Oil Prices Cripple US Foreign Policy

How to Escape the Oil Trap
Both Iran and Saudi Arabia are now awash in oil money, and no matter what the controls, some is surely getting to unsavory groups.

By Fareed Zakaria
Newsweek

Aug. 29 – Sept. 5, 2005 issue – If I could change one thing about American foreign policy, what would it be? The answer is easy, but it’s not something most of us think of as foreign policy. I would adopt a serious national program geared toward energy efficiency and independence. Reducing our dependence on oil would be the single greatest multiplier of American power in the world. I leave it to economists to sort out what expensive oil does to America’s growth and inflation prospects. What is less often noticed is how crippling this situation is for American foreign policy. “Everything we’re trying to do in the world is made much more difficult in the current environment of rising oil prices,” says Michael Mandelbaum, author of “The Ideas That Conquered the World.” Consider:

Terror. Over the last three decades, Islamic extremism and violence have been funded from two countries, Saudi Arabia and Iran, not coincidentally the world’s first and second largest oil exporters. Both countries are now awash in money and, no matter what the controls, some of this cash is surely getting to unsavory groups and individuals.

Democracy. The centerpiece of Bush’s foreign policy—encouraging democracy in the Middle East—could easily lose steam in a world of high-priced oil. Governments reform when they have to. But many Middle Eastern governments are likely to have easy access to huge surpluses for years, making it easier for them to avoid change. Saudi Arabia will probably have a budget surplus of more than $26 billion this year because the price of oil is so much higher than anticipated. That means it can keep the old ways going, bribing the Wahhabi imams, funding the Army and National Guard, spending freely on patronage programs. (And that would still leave plenty to fund dozens of new palaces and yachts.) Ditto for other corrupt, quasi-feudal oil states.

Iran. Tehran has launched a breathtakingly ambitious foreign policy, moving determinedly on a nuclear path, and is also making a bid for influence in neighboring Iraq. This is nothing less than an attempt to replace the United States as the dominant power in the region. And it will prove extremely difficult to counter—more so, given Tehran’s current resources. Despite massive economic inefficiency and corruption, Iran today has built up foreign reserves of $29.87 billion.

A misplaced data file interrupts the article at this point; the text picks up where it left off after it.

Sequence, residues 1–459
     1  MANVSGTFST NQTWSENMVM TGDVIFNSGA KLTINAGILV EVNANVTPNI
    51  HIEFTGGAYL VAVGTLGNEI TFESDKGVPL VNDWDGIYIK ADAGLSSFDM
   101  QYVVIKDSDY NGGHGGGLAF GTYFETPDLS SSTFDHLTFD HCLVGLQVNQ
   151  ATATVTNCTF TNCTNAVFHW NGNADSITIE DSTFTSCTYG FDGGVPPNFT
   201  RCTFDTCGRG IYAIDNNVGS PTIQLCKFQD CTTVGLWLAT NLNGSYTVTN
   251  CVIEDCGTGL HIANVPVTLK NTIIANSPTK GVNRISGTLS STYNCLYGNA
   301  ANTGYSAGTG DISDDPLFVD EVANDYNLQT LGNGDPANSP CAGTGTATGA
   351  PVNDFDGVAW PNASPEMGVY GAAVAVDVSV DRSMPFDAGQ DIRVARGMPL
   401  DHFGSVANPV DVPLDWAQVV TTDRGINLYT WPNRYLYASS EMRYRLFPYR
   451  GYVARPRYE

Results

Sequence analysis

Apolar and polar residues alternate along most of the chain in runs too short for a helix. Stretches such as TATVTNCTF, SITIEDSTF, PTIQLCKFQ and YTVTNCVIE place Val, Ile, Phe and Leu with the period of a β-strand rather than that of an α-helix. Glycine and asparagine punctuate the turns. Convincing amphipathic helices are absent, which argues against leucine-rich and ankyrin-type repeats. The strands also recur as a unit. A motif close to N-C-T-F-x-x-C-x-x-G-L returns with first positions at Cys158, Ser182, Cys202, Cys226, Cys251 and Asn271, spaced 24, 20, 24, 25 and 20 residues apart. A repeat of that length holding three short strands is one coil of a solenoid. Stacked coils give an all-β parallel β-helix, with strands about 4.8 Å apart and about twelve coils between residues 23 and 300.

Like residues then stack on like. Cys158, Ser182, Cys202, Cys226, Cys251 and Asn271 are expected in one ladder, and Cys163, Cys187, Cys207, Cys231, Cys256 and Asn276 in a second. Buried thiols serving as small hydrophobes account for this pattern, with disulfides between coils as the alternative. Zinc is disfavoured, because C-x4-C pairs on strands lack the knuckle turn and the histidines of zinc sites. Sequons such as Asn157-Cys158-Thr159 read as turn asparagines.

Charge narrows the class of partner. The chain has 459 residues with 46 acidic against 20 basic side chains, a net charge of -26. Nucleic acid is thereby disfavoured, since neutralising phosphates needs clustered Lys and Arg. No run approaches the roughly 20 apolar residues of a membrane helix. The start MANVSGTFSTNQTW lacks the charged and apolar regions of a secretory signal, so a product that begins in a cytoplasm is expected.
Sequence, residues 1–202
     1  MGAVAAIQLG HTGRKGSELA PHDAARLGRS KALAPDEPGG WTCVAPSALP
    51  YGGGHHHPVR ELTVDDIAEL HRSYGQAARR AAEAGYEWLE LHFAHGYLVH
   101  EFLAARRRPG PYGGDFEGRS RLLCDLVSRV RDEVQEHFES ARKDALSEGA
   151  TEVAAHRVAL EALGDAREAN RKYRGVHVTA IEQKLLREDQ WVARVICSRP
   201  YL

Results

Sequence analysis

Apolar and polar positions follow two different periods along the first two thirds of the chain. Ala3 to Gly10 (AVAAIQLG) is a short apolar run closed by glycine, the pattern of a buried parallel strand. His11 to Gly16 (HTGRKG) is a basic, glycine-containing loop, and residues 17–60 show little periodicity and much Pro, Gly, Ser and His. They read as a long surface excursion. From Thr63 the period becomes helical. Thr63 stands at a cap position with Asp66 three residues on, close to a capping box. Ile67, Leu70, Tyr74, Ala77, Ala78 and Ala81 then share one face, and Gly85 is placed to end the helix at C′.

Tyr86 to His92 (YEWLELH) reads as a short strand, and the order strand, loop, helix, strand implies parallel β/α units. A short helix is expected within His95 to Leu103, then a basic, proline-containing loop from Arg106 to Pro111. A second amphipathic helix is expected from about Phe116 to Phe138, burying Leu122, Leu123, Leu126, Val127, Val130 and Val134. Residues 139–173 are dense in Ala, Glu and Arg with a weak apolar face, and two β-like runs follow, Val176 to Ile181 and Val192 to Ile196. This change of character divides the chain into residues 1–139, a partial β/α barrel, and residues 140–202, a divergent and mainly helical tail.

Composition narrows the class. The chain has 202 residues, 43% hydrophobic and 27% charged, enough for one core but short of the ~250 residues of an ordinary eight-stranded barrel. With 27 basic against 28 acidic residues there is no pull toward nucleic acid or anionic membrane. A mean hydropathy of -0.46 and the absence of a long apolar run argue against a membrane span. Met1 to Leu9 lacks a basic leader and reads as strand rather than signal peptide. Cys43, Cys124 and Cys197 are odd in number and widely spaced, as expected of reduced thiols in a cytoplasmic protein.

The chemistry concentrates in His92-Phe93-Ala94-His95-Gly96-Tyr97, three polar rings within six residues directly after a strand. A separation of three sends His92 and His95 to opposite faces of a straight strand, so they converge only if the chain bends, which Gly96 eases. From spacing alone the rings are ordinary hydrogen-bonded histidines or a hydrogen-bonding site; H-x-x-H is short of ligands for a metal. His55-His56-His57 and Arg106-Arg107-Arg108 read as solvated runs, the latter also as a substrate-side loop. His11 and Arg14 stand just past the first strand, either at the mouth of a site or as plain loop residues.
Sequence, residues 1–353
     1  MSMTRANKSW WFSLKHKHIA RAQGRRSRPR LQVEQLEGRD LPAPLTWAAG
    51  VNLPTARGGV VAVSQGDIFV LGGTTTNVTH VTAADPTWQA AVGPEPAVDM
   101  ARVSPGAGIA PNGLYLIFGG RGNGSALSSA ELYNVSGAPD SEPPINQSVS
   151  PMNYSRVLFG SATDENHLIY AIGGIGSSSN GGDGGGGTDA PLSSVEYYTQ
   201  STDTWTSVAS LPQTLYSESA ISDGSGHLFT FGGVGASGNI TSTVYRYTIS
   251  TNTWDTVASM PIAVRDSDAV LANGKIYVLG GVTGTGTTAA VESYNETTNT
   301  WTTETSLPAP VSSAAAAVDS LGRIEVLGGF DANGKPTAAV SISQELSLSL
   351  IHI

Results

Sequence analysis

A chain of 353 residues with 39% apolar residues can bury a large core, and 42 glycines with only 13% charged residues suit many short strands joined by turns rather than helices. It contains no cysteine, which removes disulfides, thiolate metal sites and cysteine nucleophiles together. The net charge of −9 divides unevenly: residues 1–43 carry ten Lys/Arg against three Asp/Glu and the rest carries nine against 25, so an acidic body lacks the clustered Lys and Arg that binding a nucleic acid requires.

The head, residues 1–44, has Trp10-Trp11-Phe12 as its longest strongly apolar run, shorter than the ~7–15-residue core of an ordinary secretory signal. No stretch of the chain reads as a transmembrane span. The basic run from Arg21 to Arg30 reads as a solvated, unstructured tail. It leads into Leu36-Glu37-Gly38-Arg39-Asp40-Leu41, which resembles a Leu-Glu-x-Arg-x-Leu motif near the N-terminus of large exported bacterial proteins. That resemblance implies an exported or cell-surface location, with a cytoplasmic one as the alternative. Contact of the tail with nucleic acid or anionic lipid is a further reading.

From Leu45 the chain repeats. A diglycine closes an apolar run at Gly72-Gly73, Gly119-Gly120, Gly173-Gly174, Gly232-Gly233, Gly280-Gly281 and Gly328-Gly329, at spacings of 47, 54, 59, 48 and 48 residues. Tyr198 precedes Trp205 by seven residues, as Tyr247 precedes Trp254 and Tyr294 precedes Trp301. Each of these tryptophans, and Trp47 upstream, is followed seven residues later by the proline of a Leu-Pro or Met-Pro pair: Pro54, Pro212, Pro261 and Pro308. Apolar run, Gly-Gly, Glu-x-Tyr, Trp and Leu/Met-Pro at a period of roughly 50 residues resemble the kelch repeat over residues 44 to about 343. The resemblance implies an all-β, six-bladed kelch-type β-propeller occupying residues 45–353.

Russia. A modern, Westernized Russia firmly anchored in Europe would mean peace and stability in the region. But a gush of oil revenues has strengthened the Kremlin’s might, allowing Putin to consolidate power, defund his opponents, destroy competing centers of power and continue his disastrous and expensive war in Chechnya. And the “Russian model” appears to have taken hold in much of Central Asia.

Latin America. After two decades of political and economic progress in Latin America, we are watching a serious anti-American movement gain ground. Hugo Chavez in Venezuela—emboldened by his rising oil wealth—was the first in recent years to rebel against American influence, but similar sentiments are beginning to be heard in other countries, from Ecuador to Bolivia.

I could go on, from Central Asia to Nigeria. In almost every region, efforts to produce a more stable, peaceful and open world order are being compromised and complicated by high oil prices. And while America spends enormous time, money and effort dealing with the symptoms of this problem, we are actively fueling the cause.

Rising oil prices are the result of many different forces coming together. We have little control over some of them, like China’s growth rate. But America remains the 800-pound gorilla of petroleum demand. In 2004, China consumed 6.5 million barrels of oil per day. The United States consumed 20.4 million barrels, and demand is rising. That is because of strong growth, but also because American cars—which guzzle the bulk of oil imports—are much less efficient than they used to be. This is the only area of the American economy in which we have become less energy-efficient than we were 20 years ago, and we are the only industrialized country to have slid backward in this way. There’s one reason: SUVs. They made up 5 percent of the American fleet in 1990. They make up almost 54 percent today.

It’s true that there is no silver bullet that will entirely solve America’s energy problem, but there is one that goes a long way: more-efficient cars. If American cars averaged 40 miles per gallon, we would soon reduce consumption by 2 million to 3 million barrels of oil a day. That could translate into a sustained price drop of more than $20 a barrel. And getting cars to be that efficient is easy. For the most powerful study that explains how, read “Winning the Oil Endgame” by energy expert Amory Lovins (or go to oilendgame.com). I would start by raising fuel-efficiency standards, providing incentives for hybrids and making gasoline somewhat more expensive (yes, that means raising taxes). Of course, the energy bill recently passed by Congress does none of these things.

We don’t need a Manhattan Project to find our way out of our current energy trap. The technologies already exist. But what we’re searching for is perhaps even harder—political leadership and vision.

Write the author at comments@fareedzakaria.com.

© 2005 Newsweek, Inc.

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